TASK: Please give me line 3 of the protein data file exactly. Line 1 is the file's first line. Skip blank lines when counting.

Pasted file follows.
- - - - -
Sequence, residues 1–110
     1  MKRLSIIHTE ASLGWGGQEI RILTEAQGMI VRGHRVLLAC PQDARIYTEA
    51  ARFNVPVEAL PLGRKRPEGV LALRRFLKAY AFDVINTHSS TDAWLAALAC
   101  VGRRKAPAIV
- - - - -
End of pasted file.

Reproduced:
    51  ARFNVPVEAL PLGRKRPEGV LALRRFLKAY AFDVINTHSS TDAWLAALAC